Second in the Foundling series, Bone Driven picks up about a week after the violent and emotional finale of Bayou Born. There isn’t any kind of leisurely intro and if you haven’t read the first book, there’s no way you’ll get all the nuances of this one. Even if you have, initially there’s still that slight feeling of being lost, though that might be because I read the first book last year. After glancing at the initial page, I put the book right down and did a mini recap for myself so I could I got properly into it. And boy, did I ever. I love this Coterie and despite a few quibbles, I am all in to this series.
Bayou Born was all about discovery as a small-town cop, Luce Boudreau, finds out just why she’s always been different. Now come the consequences. Trapped between two worlds, she struggles to do what she has to to survive, whilst keeping her newfound secrets from those she loves, especially once a new arson/murder case brings everything crashing together. What Hailey Edwards does so well here is this tension between human and supernatural worlds, and how that affects Luce and those around her. Edwards puts just as much effort and imagination into her normal, human characters as she does the demons. Luce’s cop partner, Rixton is a gem, with the kind of humour and quotable lines that had me highlighting like crazy and laughing out loud. And I don’t mean like when you text ‘lol’ but in reality you’re just sitting there with a slight smile, I mean the kind when you have to put the book down for a moment while you laugh to yourself, then read it again because you want to make sure it’s as funny as you thought- and it is. Their history and the work they do together is increasingly strained, and stained, by the lies Luce has to tell, and the resulting conflicts are rendered painfully real. Luce has such deep connections to her family and her community that when they are put under pressure by her new responsibilities, it wrenches the heart. Likewise, the individual fears of each Coterie member are gradually revealed in these delicate, personal scenes full of hope and trust that feel genuinely moving. Luce has so much to learn about her new position, but she tries so hard to give her Coterie what they need, whilst learning to take the support they offer. Even if she didn’t have a completely kickass personality and a serious dose of snark, you’d still have to respect her strength, loyalty, and honour. Her fight to remain herself, Luce, and not world-destroying demon, Conquest, is easy to get behind as a reader and as it is increasingly threatened by outside forces, which grow ever more powerful and dangerous, she’s going to have to see just how close she can get to the monster inside her before it all goes to hell…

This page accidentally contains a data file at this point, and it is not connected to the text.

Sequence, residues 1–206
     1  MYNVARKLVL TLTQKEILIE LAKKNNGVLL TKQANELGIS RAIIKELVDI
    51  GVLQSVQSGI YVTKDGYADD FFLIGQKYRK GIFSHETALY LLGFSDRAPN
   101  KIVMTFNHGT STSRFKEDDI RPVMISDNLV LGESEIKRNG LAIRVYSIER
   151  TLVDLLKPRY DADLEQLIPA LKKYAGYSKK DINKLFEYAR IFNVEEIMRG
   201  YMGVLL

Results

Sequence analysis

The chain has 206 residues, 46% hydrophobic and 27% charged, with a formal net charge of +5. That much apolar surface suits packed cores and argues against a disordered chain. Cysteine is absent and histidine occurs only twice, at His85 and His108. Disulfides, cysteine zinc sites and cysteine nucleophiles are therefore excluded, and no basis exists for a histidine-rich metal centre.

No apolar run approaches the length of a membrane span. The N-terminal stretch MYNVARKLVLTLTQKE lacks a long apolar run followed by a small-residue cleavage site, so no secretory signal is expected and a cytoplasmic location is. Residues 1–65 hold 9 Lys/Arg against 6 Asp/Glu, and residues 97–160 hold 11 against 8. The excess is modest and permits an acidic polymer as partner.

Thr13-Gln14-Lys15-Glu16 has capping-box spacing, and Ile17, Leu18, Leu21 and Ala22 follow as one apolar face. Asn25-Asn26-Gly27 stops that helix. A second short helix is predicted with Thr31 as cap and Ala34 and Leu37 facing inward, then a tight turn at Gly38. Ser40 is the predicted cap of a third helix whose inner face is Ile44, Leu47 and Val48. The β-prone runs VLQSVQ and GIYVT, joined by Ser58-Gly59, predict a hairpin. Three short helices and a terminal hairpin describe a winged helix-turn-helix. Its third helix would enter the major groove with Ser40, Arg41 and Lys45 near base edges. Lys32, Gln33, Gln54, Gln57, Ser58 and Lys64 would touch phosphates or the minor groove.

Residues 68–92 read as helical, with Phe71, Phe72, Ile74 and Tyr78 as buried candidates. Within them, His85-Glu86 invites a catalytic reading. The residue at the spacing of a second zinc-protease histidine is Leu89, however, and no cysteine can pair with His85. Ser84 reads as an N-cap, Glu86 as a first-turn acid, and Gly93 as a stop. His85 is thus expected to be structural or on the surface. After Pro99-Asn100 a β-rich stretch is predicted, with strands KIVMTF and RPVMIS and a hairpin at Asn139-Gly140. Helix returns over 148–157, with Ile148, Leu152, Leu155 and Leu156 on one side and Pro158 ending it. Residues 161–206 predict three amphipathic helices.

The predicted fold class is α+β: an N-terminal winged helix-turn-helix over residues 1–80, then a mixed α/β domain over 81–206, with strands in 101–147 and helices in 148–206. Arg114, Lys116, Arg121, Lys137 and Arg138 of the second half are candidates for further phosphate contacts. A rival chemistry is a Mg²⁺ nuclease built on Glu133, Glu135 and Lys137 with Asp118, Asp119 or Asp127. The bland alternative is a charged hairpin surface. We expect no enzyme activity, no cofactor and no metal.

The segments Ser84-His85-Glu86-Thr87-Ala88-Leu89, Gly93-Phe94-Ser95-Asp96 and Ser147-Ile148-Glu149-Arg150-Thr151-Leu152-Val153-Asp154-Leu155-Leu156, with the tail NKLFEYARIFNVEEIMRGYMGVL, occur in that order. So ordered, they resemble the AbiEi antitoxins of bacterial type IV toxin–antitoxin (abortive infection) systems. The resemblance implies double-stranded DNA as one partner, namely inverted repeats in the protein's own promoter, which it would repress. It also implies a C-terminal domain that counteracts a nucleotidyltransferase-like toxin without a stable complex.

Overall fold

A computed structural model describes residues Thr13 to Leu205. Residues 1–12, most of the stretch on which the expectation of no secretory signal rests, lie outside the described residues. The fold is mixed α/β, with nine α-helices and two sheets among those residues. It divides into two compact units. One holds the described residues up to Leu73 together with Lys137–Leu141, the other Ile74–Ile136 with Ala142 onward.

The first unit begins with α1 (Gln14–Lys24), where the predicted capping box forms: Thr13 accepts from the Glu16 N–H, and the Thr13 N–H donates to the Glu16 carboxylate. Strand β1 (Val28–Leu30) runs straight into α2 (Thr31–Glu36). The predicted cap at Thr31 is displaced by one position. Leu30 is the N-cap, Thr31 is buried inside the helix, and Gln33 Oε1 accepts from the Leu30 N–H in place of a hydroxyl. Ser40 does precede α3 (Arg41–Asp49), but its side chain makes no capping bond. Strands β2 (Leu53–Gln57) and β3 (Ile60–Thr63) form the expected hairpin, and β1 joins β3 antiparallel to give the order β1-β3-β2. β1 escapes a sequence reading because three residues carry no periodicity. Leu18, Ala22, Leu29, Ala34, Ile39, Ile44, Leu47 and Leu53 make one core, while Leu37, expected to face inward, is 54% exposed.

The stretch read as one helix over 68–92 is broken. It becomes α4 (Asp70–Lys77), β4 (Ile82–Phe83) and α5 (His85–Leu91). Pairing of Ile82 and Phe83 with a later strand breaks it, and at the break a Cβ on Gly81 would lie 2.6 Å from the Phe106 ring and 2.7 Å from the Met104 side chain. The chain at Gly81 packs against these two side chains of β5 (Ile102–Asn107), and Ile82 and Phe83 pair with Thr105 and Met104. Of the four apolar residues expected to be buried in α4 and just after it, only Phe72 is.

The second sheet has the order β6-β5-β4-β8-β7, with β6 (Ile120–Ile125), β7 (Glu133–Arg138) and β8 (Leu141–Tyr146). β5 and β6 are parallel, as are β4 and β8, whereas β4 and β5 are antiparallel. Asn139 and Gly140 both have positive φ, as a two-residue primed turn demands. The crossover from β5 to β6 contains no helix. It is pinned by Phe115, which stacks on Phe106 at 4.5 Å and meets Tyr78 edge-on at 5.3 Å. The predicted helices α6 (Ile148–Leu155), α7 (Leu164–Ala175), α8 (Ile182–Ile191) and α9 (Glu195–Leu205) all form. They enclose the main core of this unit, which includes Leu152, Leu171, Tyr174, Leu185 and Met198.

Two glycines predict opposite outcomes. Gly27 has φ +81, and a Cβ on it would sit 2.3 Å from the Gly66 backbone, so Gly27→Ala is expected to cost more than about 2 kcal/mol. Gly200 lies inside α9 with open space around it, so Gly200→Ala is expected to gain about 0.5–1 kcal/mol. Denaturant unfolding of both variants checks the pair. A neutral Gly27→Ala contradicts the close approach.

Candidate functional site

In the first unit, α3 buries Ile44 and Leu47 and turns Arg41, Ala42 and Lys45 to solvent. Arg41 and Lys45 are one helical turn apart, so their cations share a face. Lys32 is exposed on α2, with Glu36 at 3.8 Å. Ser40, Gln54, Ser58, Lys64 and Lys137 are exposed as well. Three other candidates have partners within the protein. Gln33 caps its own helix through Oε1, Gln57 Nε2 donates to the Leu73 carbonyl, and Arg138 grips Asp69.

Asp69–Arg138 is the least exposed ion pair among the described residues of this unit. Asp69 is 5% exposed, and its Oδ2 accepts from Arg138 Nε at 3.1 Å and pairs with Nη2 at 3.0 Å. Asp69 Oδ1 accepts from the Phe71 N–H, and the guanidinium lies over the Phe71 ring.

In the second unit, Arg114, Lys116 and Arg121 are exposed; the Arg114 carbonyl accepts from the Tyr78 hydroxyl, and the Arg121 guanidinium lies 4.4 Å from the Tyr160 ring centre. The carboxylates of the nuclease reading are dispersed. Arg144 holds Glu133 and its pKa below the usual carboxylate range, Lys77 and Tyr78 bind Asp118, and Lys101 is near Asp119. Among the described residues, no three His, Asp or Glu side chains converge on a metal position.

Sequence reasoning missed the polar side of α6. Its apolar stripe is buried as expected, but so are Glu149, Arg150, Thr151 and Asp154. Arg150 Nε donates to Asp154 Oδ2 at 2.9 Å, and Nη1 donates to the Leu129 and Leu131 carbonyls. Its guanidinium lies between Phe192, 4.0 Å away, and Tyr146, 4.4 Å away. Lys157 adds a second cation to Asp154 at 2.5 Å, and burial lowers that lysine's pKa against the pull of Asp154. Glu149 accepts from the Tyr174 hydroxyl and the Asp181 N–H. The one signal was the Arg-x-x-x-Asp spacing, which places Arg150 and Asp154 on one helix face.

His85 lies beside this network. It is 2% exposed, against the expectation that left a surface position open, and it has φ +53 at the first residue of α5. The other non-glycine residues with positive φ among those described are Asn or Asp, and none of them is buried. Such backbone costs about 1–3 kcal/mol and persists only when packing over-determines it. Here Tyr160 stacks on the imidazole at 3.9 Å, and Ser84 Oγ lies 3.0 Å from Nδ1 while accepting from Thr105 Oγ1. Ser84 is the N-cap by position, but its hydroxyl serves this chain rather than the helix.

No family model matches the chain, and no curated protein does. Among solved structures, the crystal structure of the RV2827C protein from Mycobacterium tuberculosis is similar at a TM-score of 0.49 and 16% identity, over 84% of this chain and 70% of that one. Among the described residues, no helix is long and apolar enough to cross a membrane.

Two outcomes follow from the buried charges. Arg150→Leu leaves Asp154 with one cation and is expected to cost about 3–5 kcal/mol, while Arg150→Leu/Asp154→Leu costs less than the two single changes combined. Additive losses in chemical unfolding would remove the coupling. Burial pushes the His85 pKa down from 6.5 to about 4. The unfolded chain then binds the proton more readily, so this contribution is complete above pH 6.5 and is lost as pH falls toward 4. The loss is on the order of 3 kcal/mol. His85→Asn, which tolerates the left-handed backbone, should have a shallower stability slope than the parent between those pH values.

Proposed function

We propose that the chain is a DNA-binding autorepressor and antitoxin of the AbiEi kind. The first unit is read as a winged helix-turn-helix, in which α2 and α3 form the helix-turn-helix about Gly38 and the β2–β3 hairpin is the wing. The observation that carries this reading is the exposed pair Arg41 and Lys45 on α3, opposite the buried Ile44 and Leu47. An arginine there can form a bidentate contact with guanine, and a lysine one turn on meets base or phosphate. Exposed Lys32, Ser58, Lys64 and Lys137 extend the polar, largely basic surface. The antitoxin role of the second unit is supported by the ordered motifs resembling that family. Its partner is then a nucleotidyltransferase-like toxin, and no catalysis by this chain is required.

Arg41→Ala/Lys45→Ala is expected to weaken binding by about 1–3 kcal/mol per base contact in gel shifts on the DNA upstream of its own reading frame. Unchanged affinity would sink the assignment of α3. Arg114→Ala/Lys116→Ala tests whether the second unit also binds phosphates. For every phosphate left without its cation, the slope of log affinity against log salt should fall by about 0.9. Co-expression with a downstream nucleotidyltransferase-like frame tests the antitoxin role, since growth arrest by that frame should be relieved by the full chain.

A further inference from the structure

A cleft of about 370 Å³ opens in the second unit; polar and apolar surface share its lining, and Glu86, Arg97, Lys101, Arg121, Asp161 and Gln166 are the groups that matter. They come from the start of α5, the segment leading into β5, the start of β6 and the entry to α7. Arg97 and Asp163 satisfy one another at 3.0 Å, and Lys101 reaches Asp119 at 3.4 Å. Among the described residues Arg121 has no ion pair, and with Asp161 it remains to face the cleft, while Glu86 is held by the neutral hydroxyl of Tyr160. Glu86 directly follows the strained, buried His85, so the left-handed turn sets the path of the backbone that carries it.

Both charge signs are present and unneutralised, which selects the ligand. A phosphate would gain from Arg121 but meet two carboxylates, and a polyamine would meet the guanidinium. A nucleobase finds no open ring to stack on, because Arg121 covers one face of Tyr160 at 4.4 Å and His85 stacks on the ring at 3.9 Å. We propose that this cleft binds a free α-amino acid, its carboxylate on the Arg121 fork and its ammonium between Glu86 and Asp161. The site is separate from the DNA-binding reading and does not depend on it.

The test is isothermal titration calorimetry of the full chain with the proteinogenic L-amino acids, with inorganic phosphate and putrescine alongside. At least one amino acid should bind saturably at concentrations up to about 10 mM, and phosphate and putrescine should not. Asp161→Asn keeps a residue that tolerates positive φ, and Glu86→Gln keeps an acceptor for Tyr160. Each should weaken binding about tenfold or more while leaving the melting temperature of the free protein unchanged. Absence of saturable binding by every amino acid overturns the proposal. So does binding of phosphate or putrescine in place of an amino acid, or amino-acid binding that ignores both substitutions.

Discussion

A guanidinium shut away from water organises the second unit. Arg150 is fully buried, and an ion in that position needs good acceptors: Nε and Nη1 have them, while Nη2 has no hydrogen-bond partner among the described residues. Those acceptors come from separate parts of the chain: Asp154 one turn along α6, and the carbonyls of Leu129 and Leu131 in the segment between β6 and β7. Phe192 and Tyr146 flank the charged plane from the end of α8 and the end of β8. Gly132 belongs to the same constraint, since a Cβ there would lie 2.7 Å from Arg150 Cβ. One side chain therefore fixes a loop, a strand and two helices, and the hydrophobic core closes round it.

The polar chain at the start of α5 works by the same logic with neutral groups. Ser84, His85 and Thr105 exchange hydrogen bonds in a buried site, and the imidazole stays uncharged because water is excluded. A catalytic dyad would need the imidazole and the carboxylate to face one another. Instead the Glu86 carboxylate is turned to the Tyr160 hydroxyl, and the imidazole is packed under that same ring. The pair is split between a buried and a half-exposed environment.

My main quibble centres around the interaction between Luce and Cole. This may say more about me than anything else but I do not like the type of crowding and unnecessary leaning over Luce that happens in some scenes, the invasion of personal space, the physical trapping of one body by another makes me squirm. It doesn’t happen throughout, mostly just at the beginning, but there’s just something in it that makes me think: nope. That’s not love or protection, that’s creepy. It’s something that happens a lot in this type of book and though I see why authors use it, as some kind of enticing display of strength, but it’s the type of toxic power play I just can’t get behind. There are, at least, deeper levels here, as it represents an overturning of their relationship in previous incarnations, where Conquest literally chained Cole into a subordinate, desperate position, trapping him in every way someone can be. That would get an equal rejection from me, either which way, it’s wrong. Thankfully, one of the main transitions of this book is the move towards more positive body contact and physical expression between Luce and the Coterie, as well as others- so much so that I felt the tenseness fade away. Now that I’m writing this, I’m wondering if Hailey Edwards did this on purpose and if she did, she’s even better a writer than I thought. There’s still some outrageously stalkerish behaviour by another male character as well as the usual overcrowding of supermen, which is typical for the genre, but there’s enough in this book to give these characters and relationships more validity than I’ve seen elsewhere. On top of that, it’s really fun, while retaining a true warmth that makes it stand out from the crowd.
An inventive and multifaceted world with serious heart and one hell of an emotional kick, this is a series that needs to be on your reading list. (But Thom is mine…)
ARC offered by the publisher via NetGalley
Review by Emma Davis
9/10 from 1 reviews
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